A NUMBER of Youghal businesses opened their doors from as early as 4am this morning to compensate for overwhelming demand generated by the weekend’s Ironman events.
Ironmen, women and children from all walks of life and countries showed they had nerves of steel with a series of long-distance triathlon races completed on foot, bikes and in water.
Nonetheless, it was the businesses who were the real winners on this occasion. A number of eateries were reported to have been serving breakfasts from 4am this morning as business showed no signs of wavering.
Petrol stations also opened early to make the most of what has been an extremely profitable few days for the town.
Chairman of Youghal Business Alliance, Ger Flanagan, who also owns Boardwalk Coffee, said he expects the town to continue to benefit from Ironman-driven business for months to come.
“The Ironman has been a huge success story financially. People have been coming here during the year to train and view the course. Windmill Hill is becoming an iconic location with people coming just to have their photo taken with it.”
He described the scenes in Youghal this morning.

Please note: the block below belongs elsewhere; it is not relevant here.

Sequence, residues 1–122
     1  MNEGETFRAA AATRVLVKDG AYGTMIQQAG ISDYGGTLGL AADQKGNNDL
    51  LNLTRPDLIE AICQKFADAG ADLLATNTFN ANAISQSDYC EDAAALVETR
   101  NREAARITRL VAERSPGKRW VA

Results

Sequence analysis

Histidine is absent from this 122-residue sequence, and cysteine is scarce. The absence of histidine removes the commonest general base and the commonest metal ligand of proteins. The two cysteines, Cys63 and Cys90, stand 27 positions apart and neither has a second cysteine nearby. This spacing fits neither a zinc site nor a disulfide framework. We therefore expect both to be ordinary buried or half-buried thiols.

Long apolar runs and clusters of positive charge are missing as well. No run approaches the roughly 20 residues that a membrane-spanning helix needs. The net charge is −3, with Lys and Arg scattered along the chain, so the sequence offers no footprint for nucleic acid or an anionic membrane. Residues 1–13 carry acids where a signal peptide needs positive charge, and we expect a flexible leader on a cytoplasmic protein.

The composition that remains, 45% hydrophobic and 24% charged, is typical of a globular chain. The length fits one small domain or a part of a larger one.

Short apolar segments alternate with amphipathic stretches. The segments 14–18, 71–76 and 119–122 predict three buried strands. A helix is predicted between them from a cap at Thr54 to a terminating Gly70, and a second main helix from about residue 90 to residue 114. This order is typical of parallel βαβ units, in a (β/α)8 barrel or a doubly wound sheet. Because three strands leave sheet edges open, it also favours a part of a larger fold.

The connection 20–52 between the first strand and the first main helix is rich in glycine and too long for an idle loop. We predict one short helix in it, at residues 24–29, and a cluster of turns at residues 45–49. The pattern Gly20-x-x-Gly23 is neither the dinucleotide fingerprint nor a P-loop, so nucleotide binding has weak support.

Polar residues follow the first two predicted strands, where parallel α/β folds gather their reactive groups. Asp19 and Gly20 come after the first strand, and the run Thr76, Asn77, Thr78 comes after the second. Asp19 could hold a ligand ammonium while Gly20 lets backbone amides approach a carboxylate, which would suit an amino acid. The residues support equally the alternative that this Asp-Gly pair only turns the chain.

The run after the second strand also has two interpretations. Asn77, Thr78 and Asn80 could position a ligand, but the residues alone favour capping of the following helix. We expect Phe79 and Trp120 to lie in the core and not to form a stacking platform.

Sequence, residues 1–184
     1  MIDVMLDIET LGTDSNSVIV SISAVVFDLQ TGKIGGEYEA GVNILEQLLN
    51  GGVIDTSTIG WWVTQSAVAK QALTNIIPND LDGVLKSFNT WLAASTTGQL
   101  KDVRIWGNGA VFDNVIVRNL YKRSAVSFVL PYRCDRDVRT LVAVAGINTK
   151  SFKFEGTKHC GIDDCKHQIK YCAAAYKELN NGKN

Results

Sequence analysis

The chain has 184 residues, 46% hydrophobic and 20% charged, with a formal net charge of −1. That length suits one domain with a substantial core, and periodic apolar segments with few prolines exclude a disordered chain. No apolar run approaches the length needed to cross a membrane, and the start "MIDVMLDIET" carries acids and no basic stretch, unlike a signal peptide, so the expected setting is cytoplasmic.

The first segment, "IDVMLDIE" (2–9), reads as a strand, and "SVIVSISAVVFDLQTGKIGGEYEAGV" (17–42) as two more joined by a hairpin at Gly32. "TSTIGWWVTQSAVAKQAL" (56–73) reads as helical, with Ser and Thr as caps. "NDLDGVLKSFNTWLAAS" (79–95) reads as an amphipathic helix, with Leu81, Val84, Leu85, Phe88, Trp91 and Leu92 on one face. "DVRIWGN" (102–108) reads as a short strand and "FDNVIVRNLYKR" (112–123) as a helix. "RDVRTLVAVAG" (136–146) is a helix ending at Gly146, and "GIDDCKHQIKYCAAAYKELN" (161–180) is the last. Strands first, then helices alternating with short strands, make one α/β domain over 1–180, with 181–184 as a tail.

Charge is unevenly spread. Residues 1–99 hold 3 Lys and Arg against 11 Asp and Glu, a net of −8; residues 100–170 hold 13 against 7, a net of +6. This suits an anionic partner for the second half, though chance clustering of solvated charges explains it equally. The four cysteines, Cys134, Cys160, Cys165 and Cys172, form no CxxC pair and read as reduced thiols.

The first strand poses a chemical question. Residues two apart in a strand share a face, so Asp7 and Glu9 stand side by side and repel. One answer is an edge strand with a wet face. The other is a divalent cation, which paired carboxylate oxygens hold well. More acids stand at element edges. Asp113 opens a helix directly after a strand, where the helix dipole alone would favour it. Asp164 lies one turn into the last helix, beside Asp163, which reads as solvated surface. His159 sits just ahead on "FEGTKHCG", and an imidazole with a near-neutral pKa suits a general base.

“We’re seeing people serving breakfasts and tea and scones from 4am in the morning. Filling stations are open. It’s not just the athletes who need the services. There are 800 volunteers who also need to be looked after.”
The so-called Ironmen and women are leaving their mark on the area both figuratively and literally.
He confessed that businesses came under pressure at times from the overwhelming demand as special allowances were made for urgent stock replenishment.
“Business owners had to get more stock in as demand dictated. Liam O’Brien who is the local agent from Avonmore came in with an extra delivery of milk on Saturday evening. Both the Gardaí and Ironman organisers facilitated him with access to different locations around town that would otherwise have been closed. Seeing how everybody worked together was very positive. Nobody could have estimated the numbers of people who turned out for the event.”
He spoke of how the Ironman has offered local businesses a new lease of life during the Covid-19 pandemic.
He described the event as a phenomenal economic boost.
“This time we had three days of racing rather than one. The numbers of spectators were huge. We had three times as many people to view it yesterday as we did on Saturday.”